Saturday, May 10, 2014

Trends in World Religions: More, not Less

Recently, the political scientists Zeev Maoz and Errol Henderson, drawing a wide array of available data, compiled a world religion dataset, which counts the number of religious adherents by nation state from 1945 to 2010 for 14 major world religions. They also broke the counts down by religious families within the major religions (e.g., Catholic, Protestant, Orthodox, Anglican). Their data are available at the Association of Religion Data Archives (aka, the ARDA) ("World Religion Dataset") where you can find a description of how the data were collected and coded. A more complete summary of the data can be found in Maoz and Henderson' article, "The World Religion Dataset, 1945-2010," where they also discus some of the limitations of the data.

While there's no point in rehashing their entire article, a couple of interesting things did jump out from the paper. These are captured in the figure below, which plots the percentage of the major world religions over time.

The jump in the percentage of religious adherents from 1945 to 1950 primarily reflects the fact that a significant portion (30%) of the world's population did not live in nation states in 1945 whereas by 2010, more than 98% did. However, as Maoz and Henderson note, 
Since the mid-1970s, the changes in the size of the international system were relatively marginal, and these changes reflect more rearrangement of the system (secessions and partitions of multiethnic entities... So that at least some of the increase in religiosity reflects an actual trend rather than a combination of statistical artifacts (p. 279).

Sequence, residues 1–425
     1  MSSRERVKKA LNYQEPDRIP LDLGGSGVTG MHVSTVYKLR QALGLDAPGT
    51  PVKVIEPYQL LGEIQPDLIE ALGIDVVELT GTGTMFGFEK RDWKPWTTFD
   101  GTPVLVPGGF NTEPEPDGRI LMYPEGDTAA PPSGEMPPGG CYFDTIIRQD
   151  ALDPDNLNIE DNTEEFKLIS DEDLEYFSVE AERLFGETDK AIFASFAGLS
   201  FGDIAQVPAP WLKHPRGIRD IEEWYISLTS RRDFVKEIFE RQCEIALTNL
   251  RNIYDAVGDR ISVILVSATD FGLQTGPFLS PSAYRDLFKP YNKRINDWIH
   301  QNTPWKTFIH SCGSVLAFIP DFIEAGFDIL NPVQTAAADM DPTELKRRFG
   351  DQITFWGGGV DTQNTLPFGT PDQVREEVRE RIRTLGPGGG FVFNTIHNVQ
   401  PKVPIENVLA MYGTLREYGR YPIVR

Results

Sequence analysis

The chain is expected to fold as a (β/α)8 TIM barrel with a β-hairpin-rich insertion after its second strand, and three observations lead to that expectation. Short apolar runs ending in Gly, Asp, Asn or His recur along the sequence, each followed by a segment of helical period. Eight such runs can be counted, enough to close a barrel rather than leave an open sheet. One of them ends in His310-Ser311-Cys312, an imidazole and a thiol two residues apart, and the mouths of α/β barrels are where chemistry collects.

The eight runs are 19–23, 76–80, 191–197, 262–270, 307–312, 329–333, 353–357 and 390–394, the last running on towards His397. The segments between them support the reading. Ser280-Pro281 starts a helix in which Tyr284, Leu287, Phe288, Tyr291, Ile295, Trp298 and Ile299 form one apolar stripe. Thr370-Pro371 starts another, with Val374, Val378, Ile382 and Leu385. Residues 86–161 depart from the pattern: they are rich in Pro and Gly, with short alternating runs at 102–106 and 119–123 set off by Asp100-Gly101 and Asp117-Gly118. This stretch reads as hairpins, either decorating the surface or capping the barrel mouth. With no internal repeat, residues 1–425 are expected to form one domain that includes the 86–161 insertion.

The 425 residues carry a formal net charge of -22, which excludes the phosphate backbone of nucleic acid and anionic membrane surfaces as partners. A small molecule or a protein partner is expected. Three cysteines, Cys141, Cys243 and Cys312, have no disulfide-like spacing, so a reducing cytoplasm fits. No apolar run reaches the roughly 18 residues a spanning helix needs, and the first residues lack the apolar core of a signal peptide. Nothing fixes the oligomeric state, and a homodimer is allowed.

This is captured, in part, by the yellow bar, which measures the percentage of the non-religious population. It indicates that the percentage of non-religious reached a peak in 1980 (16.7%) and has been in decline ever since. Some of this decline reflects the collapse of Communism, which "led many people who had declared atheism in the Communist world to now reclaim their religious identity" (p. 280). Moreover, as I've noted elsewhere ("How Religion Benefits Everyone, Even Nonbelievers"), a large portion of the religiously unaffiliated are quite religious.

A couple of other trends are worth noting. One is that Christianity (blue bar in the figure above) remains the largest religion in the world, accounting for slightly over 30% of the world’s population, a proportion that has remained relatively stable since 1945. Another is that Islam has been growing rapidly (green bar in the figure above) and now accounts for about 22% of the world's population. Hinduism and Buddhism have also experienced some growth. Hinduism's growth has been relatively modest, but the proportion of Buddhists has almost doubled, from 4% in 1950 to 7% in 2010. Interestingly, however, the rest of the world's major religions have experienced decline with Judaism shrinking the most from 0.5% of the world’s population in 1950 to 0.2% in 2010.

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